2. Sand scrubbing apparatus comprising a tank having a feed inlet and a discharge outlet at opposite ends and a plurality of partitions dividing its interior into a series of cells, a rotary shaft in each said cell, upper and lower impellers mounted on each shaft adjacent its lower end arranged to move material in the cell in countercurrent relation, one said impeller being of greater capacity than the other and having blades pitched at a different angle than the other so as to induce a progressive flow of material through the cell, and the succession of cells having alternating lower and upper discharge outlets so as to provide a circuitious up and down course of movement between inlet and outlet.

3. Sand scrubbing apparatus comprising a tank having a feed inlet and a discharge outlet at opposite ends and a plurality of partitions dividing its interior into a series of cells, a rotary shaft in each said cell, upper and lower impellers mounted on each shaft adjacent its lower end arranged to move material in the cell in countercurrent relation, one said impeller being of greater capacity and diameter than the other so as to induce a progressive flow of material through the cell, and the succession of cells having alternating lower and upper discharge outlets so as to provide a circuitous up and down course of movement between inlet and outlet.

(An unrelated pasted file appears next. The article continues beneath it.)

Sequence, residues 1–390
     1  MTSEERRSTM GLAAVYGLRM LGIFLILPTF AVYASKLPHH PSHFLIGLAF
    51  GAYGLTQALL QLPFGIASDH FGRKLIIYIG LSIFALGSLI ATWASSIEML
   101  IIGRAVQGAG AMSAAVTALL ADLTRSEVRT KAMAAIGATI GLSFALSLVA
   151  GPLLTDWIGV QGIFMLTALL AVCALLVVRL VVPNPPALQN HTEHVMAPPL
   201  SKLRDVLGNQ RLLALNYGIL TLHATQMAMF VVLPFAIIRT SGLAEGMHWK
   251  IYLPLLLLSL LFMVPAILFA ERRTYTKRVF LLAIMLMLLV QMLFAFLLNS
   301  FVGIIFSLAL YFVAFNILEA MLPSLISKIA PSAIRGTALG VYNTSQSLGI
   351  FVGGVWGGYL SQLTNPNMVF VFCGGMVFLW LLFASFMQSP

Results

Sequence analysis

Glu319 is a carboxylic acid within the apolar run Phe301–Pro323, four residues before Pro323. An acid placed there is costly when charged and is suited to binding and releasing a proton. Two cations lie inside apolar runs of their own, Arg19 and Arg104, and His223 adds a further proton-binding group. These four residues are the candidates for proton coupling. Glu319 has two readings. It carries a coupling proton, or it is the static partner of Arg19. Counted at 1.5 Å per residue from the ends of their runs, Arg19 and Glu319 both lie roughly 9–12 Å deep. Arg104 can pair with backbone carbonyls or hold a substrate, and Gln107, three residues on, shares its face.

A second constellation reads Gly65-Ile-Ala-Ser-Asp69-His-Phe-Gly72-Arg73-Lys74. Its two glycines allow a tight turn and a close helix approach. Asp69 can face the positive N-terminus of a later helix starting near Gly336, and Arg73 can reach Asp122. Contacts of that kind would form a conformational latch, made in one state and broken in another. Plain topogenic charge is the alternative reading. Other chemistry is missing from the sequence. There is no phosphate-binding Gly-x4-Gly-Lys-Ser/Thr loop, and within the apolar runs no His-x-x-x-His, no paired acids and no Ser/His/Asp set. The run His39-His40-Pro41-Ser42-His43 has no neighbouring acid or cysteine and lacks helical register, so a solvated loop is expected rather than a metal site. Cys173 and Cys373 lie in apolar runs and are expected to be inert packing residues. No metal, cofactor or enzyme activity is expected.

4. Sand scrubbing apparatus comprising a tank having a feed inlet and a discharge outlet at opposite ends and at least one partition dividing its interior into a plurality of cells, a rotary shaft in each said cell, upper and lower impellers mounted on each shaft adjacent its lower end arranged to move material in the cell in countercurrent relation, both said impellers being of the same diameter but of dilferent and opposed blade pitch so as to cause opposed scouring sand movements and a progressive flow of material through the cell, and the succession of cells having alternating lower and upper discharge outlets so as to provide a circuitous up and down course of movement between inlet and outlets.

5. Sand scrubbing apparatus comprising a tank having a feed inlet and a discharge outlet at opposite ends and at least one partition dividing its interior into a plurality of cells, a rotary shaft in each said cell, pairs of upper and lower impellers mounted on each shaft adjacent its lower end arranged to move material in the cell in countercurrent scouring relation, at least one of said pairs of upper and lower impellers being of different diameter but of the same blade pitch, and at least one other of the pairs of upper and lower impellers being of the same diameter but of dilerent blade pitch, and all of said pairs of upper and lower impellers being of opposite pitch so as to induce progressive ow of material through the cells, and the succession of cells having alternating lower and upper discharge outlets so as -to provide a circuitous up and down course of movement between inlet and outlets.

6. Sand scrubbing apparatus comprising a tank having a feed inlet and a discharge outlet at opposite ends and a plurality of partitions dividing its interior into a series of cells, a rotary shaft in each said cell, upper and lower impellers mounted on each shaft adjacent its lower end arranged `to move material in the cell in countercurrent scouring relation, one said impeller being of greater capacity `than the other so as to induce a progressive flow of material through the cell, and the succession of cells having alternating lower and upper discharge outlets so as to provide a circuitous up and down course of movement between inlet and outlet, and each cell having a hner arrangement comprising a multi-sided tubular body having openings arranged to register with the inlet and outlet of each cell.